This is not about never losing your cool or always being a calm, controlled parent at all times. It’s about keeping your perspective. How we think about our kids has a tremendous influence on both how we feel about our kids and how we treat our kids. When my kids are making me insane, I try to think about why they are doing what they are doing before I decide what to do about it. This doesn’t just benefit them either. It benefits me. Getting to the real cause of the behavior eliminates it much, much faster.
Kids rarely misbehave for the sole purpose of misbehaving. There is almost always a simple human desire behind what they do. And their motivations are as natural as ours.
Think about a bad adult behavior. A lot of us drive too fast. I know I do. But how many of us drive too fast JUST because we WANT to break the law? We don’t get behind the wheel and think, “Haha! I’ll show them! I CAN do what I want and I WILL!”
Most of us speed because we want to get somewhere faster, we are impatient, we are trying to beat traffic, we are late, etc. We have our own personal reasons. Sure, we know we shouldn’t do it, but we are not breaking the law JUST TO BE BAD. Kids are the same way. They have their own wants, needs and desires. They don’t want to break rules on purpose. But sometimes our rules conflict with what they want. So they try to get around them. But just like we appreciate a compassionate and understanding officer when we get caught speeding, kids appreciate compassionate parents when they get caught breaking our rules. Again, this doesn’t mean kids shouldn’t get consequences for breaking rules. It just means that we should keep perspective on why they are doing it. They are not evil little hellions. They are just people, trying to live their lives.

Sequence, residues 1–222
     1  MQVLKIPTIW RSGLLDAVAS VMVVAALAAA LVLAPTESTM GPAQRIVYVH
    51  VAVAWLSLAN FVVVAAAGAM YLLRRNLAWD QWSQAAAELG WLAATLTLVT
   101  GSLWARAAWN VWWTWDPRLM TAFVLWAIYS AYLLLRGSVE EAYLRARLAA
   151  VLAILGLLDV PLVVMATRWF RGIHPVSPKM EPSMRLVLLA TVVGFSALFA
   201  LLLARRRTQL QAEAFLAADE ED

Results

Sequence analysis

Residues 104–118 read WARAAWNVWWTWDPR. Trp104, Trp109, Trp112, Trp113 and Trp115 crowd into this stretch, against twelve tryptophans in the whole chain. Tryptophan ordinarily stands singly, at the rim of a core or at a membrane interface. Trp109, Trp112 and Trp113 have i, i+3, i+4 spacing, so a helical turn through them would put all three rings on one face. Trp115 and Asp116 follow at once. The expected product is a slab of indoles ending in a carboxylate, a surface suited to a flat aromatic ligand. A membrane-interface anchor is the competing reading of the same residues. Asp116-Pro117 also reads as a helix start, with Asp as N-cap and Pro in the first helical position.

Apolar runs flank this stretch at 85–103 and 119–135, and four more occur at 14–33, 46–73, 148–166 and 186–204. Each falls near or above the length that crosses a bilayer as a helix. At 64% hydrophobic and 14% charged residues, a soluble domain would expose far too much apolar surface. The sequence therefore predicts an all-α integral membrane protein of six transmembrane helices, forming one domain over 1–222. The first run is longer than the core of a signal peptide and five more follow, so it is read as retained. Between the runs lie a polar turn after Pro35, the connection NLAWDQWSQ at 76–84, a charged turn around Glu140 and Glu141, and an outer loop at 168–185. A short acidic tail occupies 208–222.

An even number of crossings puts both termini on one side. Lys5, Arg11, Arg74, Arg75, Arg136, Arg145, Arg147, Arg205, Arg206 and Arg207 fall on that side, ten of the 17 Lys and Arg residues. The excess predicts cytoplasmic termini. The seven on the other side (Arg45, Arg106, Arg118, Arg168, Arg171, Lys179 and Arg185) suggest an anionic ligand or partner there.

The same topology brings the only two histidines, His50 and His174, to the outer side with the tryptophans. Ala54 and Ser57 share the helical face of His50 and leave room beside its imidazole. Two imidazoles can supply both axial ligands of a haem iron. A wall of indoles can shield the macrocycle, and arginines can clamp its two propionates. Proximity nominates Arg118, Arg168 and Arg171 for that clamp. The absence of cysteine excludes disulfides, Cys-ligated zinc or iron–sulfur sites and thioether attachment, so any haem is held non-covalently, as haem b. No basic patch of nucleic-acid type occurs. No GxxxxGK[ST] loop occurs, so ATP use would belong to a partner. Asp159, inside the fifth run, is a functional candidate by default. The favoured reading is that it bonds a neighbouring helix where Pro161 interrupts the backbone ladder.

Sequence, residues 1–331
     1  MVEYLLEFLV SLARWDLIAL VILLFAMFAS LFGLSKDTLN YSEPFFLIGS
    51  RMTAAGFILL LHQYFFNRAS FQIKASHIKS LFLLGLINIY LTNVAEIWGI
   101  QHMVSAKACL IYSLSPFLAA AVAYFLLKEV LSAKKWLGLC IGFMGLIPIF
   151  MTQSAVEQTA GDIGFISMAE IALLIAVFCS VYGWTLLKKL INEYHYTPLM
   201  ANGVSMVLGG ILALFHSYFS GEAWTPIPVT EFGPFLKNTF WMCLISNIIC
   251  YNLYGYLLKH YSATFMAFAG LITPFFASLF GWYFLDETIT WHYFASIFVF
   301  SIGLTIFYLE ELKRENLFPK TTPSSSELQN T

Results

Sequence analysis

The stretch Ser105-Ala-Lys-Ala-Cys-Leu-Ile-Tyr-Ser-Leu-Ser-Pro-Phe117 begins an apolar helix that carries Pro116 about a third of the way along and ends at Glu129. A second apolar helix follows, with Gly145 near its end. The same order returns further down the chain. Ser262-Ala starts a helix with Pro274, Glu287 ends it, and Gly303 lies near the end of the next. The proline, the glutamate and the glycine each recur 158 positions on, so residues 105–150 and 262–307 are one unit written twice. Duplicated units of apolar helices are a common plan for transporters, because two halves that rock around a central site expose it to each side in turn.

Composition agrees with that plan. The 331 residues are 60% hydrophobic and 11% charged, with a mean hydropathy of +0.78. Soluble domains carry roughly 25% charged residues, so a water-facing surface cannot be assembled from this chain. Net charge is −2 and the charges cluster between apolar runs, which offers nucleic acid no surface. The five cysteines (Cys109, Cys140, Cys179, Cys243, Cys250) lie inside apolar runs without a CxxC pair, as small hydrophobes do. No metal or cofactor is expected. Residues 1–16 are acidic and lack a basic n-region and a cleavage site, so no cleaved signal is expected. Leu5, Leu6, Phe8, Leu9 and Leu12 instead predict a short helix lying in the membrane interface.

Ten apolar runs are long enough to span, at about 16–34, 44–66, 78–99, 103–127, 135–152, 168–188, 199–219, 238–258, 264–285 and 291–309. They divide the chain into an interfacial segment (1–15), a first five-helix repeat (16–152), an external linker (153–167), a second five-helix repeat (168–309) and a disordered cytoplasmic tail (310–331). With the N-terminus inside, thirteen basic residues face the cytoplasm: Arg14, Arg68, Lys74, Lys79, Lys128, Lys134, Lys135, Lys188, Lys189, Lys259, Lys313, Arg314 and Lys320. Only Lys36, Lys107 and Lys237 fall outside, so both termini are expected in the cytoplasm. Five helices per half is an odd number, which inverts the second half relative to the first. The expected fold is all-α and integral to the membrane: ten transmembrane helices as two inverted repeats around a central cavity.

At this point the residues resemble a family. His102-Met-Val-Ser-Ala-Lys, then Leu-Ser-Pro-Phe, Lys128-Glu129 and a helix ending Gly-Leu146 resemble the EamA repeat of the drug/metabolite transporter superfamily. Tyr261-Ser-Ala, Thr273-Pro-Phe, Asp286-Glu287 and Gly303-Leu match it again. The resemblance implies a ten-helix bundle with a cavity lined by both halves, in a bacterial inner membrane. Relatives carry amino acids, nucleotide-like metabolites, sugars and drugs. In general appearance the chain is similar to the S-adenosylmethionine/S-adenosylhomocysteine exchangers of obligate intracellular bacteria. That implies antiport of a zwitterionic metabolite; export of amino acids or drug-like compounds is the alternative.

It is absolutely possible to be deeply connected, compassionate, gentle and also structured, predictable and undeniably in charge with your children.
I’m considered a very strict mom. Not just by my kids either. By my community as well. My children have tight restrictions on screen time and cell phones, early bedtimes, parental controls on nearly all electronics, and limitations on social outings. They are not allowed violent video games, not allowed to date and expected to do a fair share of household chores. Many of their friends do not have these requirements or responsibilities.
At the same time, I discuss issues and concerns with my kids openly. We negotiate their limitations as much as possible and I’m always willing to hear their side, though I may not change my position. When they behave in a way that I don’t like, I try to figure out why. If needed, I ask them, sincerely, what is going wrong with them that they are not complying with expectations. Then we come up with a plan to fix the problem. If that doesn’t work, we try something else.
I always have the final word in my home. My kids know this.
But our grasp on our children is tenuous at best. We have to remember that as we raise them to adulthood. There comes a time when they realize they don’t have to listen to us and they don’t have to live with us. They are able to leave. Our relationship with them will become all we have. Domination and force become absolutely useless and if a strong and loving relationship is not already there, we will have nothing left.
When my teens and I just can’t come to an agreement on an issue, I do have the final word. And they accept that. But this is only because of a lifetime of love and trust. My final word is powerful but it’s not, “Because I said so.” When we reach an impasse on an issue and just cannot agree (and this is truly rare) I reach for my version of the final word:
“Can you have faith in me on this, that I love you with all my heart, and I’m doing my best?”
So far, the answer has always been yes.
Do you feel caught between the concepts of respecting your kids and disciplining your kids? What are your thoughts? Do you believe that respect enhances discipline? Detracts from discipline?
- How to Discipline Your Child Without Yelling or Spanking (mathsexcel.com)
- Discipline for Kids and for Us (smoreforwomenblog.org)
- Newton’s Three Laws As They Apply to Parents (k8ogden.wordpress.com)